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Sports Q&A: Green Bay Packers linebacker Clay Matthews

Three seasons after leaving USC, Clay Matthews is a defensive leader for a Packers team that won the Super Bowl last season and is 13-0 this season.

December 11, 2011|By Lance Pugmire
  • Packers linebacker Clay Matthews rises triumphantly after sacking Giants quarterback Eli Manning during last Sunday's game in New Jersey.
Packers linebacker Clay Matthews rises triumphantly after sacking Giants… (Ed Mulholland / US Presswire )

Clay Matthews' star power has captured the attention of both the NFL fan base and offensive coordinators, who've spent this season seeking to double-team the third-year Green Bay Packers linebacker from USC.

Matthews' sack and tackle numbers are down from last season, when he contributed 13.5 sacks and nearly four tackles a game for the Super Bowl champions. After Sunday's 46-16 victory over the Oakland Raiders, Matthews has six sacks and 38 tackles.

As the calendar turned to December in a big game last week, Matthews began asserting himself at critical times, intercepting a pass by New York Giants quarterback Eli Manning and returning it for a touchdown, recording a sack and forcing a fumble.

Those contributions loomed large in propelling the Packers to a thrilling 38-35 victory that kept them unbeaten. The Raiders put up little resistance Sunday as the Packers rolled to 13-0, much to the continued enjoyment of the son of Cleveland Browns ironman linebacker Clay Matthews and nephew of NFL Hall of Fame offensive lineman Bruce Matthews.

You've already won the Super Bowl last year. The team's attitude this year should be to top that with a perfect season. Are you guys buying into that?

"I don't think anyone around here is lobbying to lose. We set out every week with the will to win. Despite clinching the playoffs and the division last week, we planned to win the game and I can't see that changing after [now] clinching the [NFC's] top seed. Winning is what we shoot for each week. You have to be smart and see the bigger picture. We all know we can do something special, as long as it doesn't jeopardize winning the Super Bowl. We won it all last year after going 10-6 in the regular season. I can tell you this: No one remembers your record if you're a Super Bowl champion."

How much discussion on this subject is there in the locker room and by coaches?

"We're not even close, man. We're only [13-0]. We have to win next week. In time, that can be a discussion. Maybe at 15-0. We still have [three] good teams in front of us. I can tell you everyone on our team is ultra-competitive and wants to be part of something special. From a personal standpoint, I like winning and I believe the rest of the members of this team want to win."

There's a perception that the Packers' defense is the team's Achilles' heel. Is that accurate, or a result of one-sided victories leading to oh-by-the-way scores and non-critical yardage against you?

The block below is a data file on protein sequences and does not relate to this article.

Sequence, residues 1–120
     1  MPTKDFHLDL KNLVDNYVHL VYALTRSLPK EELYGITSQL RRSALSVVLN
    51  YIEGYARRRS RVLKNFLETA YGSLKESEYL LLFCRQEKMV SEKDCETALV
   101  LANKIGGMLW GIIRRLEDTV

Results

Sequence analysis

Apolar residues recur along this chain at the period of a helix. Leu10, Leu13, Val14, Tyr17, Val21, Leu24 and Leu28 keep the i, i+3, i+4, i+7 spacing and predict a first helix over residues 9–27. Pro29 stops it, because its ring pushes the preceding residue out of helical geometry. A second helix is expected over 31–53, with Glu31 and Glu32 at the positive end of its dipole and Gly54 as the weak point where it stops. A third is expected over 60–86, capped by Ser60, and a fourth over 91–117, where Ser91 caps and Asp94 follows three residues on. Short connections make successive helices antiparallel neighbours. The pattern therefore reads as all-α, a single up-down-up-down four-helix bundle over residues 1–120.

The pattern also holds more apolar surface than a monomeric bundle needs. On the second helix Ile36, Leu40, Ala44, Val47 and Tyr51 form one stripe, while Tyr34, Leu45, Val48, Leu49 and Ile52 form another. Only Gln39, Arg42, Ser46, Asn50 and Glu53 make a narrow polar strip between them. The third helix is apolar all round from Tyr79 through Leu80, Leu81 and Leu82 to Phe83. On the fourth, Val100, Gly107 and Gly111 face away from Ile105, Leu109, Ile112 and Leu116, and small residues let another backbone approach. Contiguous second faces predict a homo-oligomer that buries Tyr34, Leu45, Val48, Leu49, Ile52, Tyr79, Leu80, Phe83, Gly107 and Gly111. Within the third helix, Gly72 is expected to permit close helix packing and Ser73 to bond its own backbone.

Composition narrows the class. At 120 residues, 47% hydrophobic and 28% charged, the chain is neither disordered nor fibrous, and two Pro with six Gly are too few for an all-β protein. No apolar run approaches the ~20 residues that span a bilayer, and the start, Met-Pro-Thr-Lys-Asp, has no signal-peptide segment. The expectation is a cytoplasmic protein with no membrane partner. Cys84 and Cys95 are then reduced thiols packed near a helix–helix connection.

"We do need to improve. We've been a top-five defense for the last few years, and now we're 31st. There is room for improvement. But we are [13-0], and we've made some key plays when we've had to. We're so close to that great, elite level, it's all attainable. We want to reach that ceiling of greatness. Part of being on top — [13-0], defending Super Bowl champions — is people expect you to dominate in everything. If you don't, then people think, 'Maybe they're getting complacent.' It's the nature of the beast."

Are you satisfied with your contributions?

"That's for people like you and the critics to measure. I'm satisfied. You come in as a rookie just trying to make plays. Then you work to lead by example, let your voice be heard when it can. I come in every day and get my work done. Then you start creating plays, and three years in, people look at me as a leader. I feel I'm continuing to develop. I'm doing enough for us to win."

For the remainder of the regular season, will you set tangible goals such as limiting teams to a certain number of points or yards to prove your defense is sound heading into the playoffs?

"No. Winning cures all. It's not tangible goals as much as the overall performance and effort. It boils down to you, as a man, getting your own job done and being our best as a team."

What's been the best perk you've experienced from winning the Super Bowl? Keep it clean.

"Ha. That's an open-ended question. So much of it was about fulfilling a childhood dream. Your public image . . . you can't turn on the TV, it seems, without seeing [quarterback] Aaron [Rodgers], the Packers, myself. Doing charitable endeavors has been great. Getting into other [endorsement] business. And it's pretty amazing to be associated with such an elite group. It's all been exciting."

You have access to such a wealth of football knowledge with your family and former USC teammates. How often do you lean on that?

"Growing up, it helped me to transition to this lifestyle. My father and uncle had a combined 38 years in pro football. They'd tell me, 'It's a business, make plays when you're out there.' That helped me so much to understand the things that might overwhelm the incoming rookies. I appreciate that. The USC guys, I'm still in touch with Brian Cushing, Rey Maualuga, Mark Sanchez — the guys from my senior year. We don't talk often enough, but we're always chiming in with each other during the season, texting for big plays. We've had a great time."

lance.pugmire@latimes.com

twitter.com/latimespugmire

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